Joint-university degrees

In the past few years, TU Delft has introduced a number of innovative joint university degree programmes, encouraging international knowledge sharing and multidisciplinary idea exchange.

Some programmes are under the aegis of the 3TU network of TU Delft, Eindhoven University of Technology and University of Twente while others are with the IDEA-League, encouraging European universities to work together. There are also programmes in collaborations with other universities such as the University of Leiden and NUS Singapore.

One such is the MSc in Applied Geophysics, offered as part of the IDEA-League. Students spend a semester each at ETH Zurich, RWTH Aachen and TU Delft. “The purpose is to offer a high-quality program which covers more topics than each of us can deliver alone. This is one of the main benefits to the universities. It allows students to experience three different universities and life in three different countries. They meet more professors of geophysics than in single university program,” says Professor Evert Slob, the coordinator.

For students, it’s mostly a win-win. “We’re exposed to broader areas of expertise. For instance, at TU Delft we delved into oil exploration and at Zurich we were taken for field trips, including an archaeological land survey. Had we done an MSc at one university, it’s likely that our area of focus would also have been limited,” says Ali Alfaraj, a second year student of Applied Geophysics. Alfaraj, who is here on a scholarship from Saudi Arabia, adds, “We interact with other MSc students at all these universities, get a chance to soak in cultures, sight-see and party there,” he adds. 

Hui-Ling Chen from Taiwan is doing her MSc in Industrial Ecology. It is a joint programme offered by TU Delft and the University of Leiden. “We can choose electives in either university. We can also get involved with events and groups at both universities,” she says. This multidisciplinary course has attracted people from varied backgrounds such as anthropology and civil engineering. The focus is on sustainability and students have courses spread over the broader picture.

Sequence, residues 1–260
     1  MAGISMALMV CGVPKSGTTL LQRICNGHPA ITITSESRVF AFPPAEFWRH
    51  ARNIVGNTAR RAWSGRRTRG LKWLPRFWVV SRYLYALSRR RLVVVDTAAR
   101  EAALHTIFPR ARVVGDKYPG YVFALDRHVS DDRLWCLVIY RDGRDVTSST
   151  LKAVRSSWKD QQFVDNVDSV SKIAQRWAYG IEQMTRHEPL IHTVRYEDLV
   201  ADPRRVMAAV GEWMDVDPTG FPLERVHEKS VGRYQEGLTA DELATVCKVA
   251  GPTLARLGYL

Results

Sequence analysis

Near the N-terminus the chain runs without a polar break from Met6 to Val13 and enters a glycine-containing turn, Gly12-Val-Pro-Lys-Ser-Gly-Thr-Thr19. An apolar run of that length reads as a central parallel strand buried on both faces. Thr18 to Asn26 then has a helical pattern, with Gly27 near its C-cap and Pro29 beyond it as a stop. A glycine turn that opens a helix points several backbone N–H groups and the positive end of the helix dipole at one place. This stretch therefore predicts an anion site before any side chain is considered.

The universities strive to ease the logistical burden of frequent moves, but aren’t always successful. “Each university contacts us during the semester and informs us about available housing and arrangements,” says Peter Maas, MSc Applied

Geophysics. For some courses, things are not clear cut. “Our paperwork is processed by the University of Leiden which means we can only stay in student housing offered by Leiden. However, most of our classes are held in Delft so it might have made more sense to stay here,” says Chen. Administration is also confusing, she adds. “For instance, we paid our fees at one office but no notification was sent to the other one. If there are any administrative questions, no one knows whom to go to.”

Adjusting to a new academic ethic is never easy. “Professors in different countries have different expectations from students and vice versa. It can be puzzling at first, but you have to raise the bar and work harder,” says Maas. Chen offers a suggestion for universities with struggling students. “Hold a boot camp of sorts. A summer camp offering catch-up classes in different disciplines, so students can come a few weeks earlier and work on areas new to them. 

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